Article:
This Is What Happens When You Substitute Water For Milk In Waffle Recipes

You're craving a stack of rich, syrup-smothered, piping-hot, crispy waffles, so you go to your kitchen to start whipping up a batch. You heat up your waffle iron, start mixing together your dry ingredients, and then you realize it — you're out of milk. You shrug and move on with making the waffles. No big deal. You'll just substitute the milk for something else that you always easily have on hand, right at the kitchen sink: water. It can't impact the end result of your waffles that much, can it?

Unfortunately, it can. The milk in your waffles acts as a binding agent and adds a level of richness that you just can't obtain with water alone. That's not to say that you can't substitute water for milk in waffle recipes and you likely have at some point — you'll still end up with waffles. You'll just be sacrificing some of that classic flavor and richness in this fan-favorite breakfast dish. There is some good news, though, according to Our Everyday Life. While water does nothing to improve your waffles' flavor, using equal parts water for the milk your waffle recipe calls for can result in slightly crispier waffle edges and a lighter crumb texture.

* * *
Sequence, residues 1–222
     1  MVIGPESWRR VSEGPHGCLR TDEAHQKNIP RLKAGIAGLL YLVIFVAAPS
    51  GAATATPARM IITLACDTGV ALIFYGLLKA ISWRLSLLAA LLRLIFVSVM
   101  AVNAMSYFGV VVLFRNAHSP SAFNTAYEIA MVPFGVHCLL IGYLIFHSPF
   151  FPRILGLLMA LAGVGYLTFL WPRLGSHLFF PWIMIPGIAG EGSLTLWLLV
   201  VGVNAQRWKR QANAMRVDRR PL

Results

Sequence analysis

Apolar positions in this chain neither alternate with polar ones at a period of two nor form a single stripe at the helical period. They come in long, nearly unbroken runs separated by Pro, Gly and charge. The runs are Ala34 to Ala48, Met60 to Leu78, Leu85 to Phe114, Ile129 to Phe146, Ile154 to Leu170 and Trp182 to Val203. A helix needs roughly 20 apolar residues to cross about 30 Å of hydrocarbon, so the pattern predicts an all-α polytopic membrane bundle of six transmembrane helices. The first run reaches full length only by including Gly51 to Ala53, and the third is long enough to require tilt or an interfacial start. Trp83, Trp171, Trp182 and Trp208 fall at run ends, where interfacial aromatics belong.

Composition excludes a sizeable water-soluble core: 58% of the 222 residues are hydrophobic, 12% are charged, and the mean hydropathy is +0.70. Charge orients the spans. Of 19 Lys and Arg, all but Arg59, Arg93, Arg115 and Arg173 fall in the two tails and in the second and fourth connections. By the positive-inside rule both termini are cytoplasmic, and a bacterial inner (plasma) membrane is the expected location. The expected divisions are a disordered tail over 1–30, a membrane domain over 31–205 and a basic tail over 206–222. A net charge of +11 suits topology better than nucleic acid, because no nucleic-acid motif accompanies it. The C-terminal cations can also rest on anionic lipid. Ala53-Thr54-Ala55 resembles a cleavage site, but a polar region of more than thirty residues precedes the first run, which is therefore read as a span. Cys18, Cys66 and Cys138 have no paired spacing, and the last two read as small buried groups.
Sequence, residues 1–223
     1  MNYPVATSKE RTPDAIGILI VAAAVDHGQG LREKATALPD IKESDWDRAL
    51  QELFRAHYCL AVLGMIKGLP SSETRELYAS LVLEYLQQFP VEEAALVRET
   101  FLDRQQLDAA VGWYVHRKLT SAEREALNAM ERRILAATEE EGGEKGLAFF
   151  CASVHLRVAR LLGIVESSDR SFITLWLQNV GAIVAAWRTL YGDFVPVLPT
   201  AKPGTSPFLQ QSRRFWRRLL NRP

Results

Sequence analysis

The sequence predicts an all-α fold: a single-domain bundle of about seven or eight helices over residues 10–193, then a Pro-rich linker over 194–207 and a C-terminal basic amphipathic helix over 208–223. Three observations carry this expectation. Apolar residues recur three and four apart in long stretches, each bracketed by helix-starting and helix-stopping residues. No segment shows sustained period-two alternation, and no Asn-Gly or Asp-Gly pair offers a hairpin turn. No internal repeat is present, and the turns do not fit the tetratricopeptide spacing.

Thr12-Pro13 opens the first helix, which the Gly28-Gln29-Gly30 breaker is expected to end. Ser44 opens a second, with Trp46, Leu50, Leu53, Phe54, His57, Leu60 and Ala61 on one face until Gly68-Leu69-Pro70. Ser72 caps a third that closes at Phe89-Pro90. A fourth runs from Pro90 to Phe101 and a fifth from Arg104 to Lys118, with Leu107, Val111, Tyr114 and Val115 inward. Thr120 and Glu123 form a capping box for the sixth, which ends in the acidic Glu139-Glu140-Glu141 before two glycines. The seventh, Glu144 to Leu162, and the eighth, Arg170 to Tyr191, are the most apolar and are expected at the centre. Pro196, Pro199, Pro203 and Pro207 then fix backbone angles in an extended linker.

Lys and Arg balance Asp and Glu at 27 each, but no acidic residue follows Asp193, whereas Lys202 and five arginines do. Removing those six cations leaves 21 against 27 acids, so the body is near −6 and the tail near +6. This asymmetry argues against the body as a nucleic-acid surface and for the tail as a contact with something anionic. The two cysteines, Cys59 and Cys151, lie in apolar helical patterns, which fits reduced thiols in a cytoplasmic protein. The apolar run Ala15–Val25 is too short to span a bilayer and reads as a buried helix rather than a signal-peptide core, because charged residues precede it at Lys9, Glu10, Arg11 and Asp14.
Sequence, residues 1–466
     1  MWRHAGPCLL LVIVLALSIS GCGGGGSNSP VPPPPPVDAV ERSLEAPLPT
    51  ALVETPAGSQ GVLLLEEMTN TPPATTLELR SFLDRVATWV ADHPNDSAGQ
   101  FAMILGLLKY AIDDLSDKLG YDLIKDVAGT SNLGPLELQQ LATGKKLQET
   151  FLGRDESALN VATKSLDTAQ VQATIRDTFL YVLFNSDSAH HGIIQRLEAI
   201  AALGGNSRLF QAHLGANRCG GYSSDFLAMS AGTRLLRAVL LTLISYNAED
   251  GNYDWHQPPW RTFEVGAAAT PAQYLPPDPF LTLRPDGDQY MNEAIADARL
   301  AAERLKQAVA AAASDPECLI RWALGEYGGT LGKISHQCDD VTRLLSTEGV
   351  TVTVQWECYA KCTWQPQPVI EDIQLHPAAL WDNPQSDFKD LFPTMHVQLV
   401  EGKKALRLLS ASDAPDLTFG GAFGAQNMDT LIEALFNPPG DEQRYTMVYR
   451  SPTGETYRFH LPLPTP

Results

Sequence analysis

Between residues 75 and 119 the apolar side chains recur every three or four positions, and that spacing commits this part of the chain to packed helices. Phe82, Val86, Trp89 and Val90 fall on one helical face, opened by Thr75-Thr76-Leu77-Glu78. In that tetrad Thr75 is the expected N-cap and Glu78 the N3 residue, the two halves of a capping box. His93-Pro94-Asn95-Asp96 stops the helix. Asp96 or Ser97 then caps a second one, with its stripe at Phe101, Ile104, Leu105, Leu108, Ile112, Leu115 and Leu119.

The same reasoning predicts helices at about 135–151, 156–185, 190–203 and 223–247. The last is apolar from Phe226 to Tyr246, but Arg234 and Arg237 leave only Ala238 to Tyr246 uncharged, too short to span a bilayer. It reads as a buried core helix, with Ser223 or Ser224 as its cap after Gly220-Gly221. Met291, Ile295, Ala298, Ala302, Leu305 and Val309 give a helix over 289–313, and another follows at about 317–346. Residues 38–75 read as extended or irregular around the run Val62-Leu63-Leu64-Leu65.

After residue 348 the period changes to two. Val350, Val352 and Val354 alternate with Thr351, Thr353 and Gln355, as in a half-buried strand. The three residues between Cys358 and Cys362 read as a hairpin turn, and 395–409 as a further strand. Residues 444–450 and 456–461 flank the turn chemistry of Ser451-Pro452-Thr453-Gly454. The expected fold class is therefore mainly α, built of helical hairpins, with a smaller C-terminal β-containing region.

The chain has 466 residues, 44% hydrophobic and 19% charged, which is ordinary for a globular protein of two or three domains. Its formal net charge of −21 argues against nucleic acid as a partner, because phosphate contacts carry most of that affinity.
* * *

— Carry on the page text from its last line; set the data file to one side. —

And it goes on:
There are better dairy alternatives to use in your waffles instead of water

Still, if you find yourself in a situation like the above, hold off before immediately reaching for the faucet. There are other ingredients around your kitchen that you may be able to use in your waffle recipe in place of both milk and water.

If you have any non-dairy milk substitutes in your fridge, those may work well in place of regular milk in your waffle recipe. Consider almond milk, cashew milk, oat milk, or coconut milk (though you don't want to use the full-fat canned coconut milk, which has the wrong texture and fat content for waffles). Soy milk, hemp milk, and rice milk are other options. If you have no milk whatsoever, try another form of dairy; some waffle recipes use Greek yogurt (like this one from Allrecipes) instead of milk. But look past your fridge, too; you may have some condensed milk sitting in your pantry that A Pretty Life suggests you could use in lieu of regular milk as well.